Andrea Dennis is Professor of Law at the University of Georgia School of Law. Her scholarship explores criminal defense lawyering, race and criminal justice, criminal informants and cooperators, youth advocacy, legal socialization of youth and the cradle-to-prison pipeline. She has published a number of law review articles, including the seminal article on the use of rap lyrics as evidence in criminal trials.
Abenaa Owusu-Bempah is Assistant Professor of Law at the London School of Economics. Her scholarship focuses on criminal procedure, the law of evidence and criminal law, with a particular emphasis on fair trial rights. Abenaa’s research explores the admissibility and use of rap music as evidence in criminal trials in England and Wales.
John Hamasaki is a criminal defense lawyer in San Francisco, CA. His practice focuses on defending constitutional protections in complex criminal cases implicating civil rights and civil liberties. He has worked on a number of high profile cases, including one involving rapper Laz Tha Boy, whose rap lyrics were used as criminal evidence. He is routinely called upon for legal commentary by national media organizations.
Jeffrey Urdangen is Clinical Associate Professor of Law and Director of the Center for Criminal Defense at Northwestern University. He has been lead counsel in dozens of jury trials in both State and Federal court, and he has extensive experience in the representation of persons charged with capital crimes. He has represented defendants whose lyrics have been used against them in criminal cases.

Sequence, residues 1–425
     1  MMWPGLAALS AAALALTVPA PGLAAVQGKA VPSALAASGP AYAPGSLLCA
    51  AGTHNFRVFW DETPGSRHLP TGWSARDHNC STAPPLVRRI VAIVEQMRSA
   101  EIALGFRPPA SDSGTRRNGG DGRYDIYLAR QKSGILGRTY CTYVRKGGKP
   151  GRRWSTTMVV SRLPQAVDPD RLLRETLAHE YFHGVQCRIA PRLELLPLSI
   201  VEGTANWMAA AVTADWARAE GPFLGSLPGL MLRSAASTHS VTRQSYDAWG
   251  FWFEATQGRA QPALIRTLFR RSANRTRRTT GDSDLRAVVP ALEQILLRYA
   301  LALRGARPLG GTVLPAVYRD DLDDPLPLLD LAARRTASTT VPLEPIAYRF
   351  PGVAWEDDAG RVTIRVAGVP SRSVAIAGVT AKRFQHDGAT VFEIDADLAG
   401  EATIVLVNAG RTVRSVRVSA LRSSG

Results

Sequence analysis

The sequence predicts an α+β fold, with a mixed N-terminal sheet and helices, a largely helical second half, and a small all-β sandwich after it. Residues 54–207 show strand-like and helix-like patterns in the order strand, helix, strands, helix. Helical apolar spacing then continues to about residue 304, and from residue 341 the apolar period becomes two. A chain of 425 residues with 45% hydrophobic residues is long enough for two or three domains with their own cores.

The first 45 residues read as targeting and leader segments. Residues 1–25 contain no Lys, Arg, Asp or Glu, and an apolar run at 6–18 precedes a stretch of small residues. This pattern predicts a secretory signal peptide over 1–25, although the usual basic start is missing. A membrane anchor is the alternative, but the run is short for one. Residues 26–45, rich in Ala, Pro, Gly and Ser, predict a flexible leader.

Jack Lerner is Clinical Professor of Law at the University of California, Irvine School of Law and Director of the UCI Intellectual Property, Arts, and Technology Clinic. He is lead author of the forthcoming “Rap on Trial Practice Guide,” a comprehensive guide for defense counsel dealing with rap lyrics and videos in criminal proceedings. In preparing the Guide, Lerner and his co-author Prof. Charis Kubrin interviewed attorneys and experts, and led a team of students who reviewed dozens of cases and briefs to create the forthcoming “Rap on Trial Case Compendium and Brief Bank.”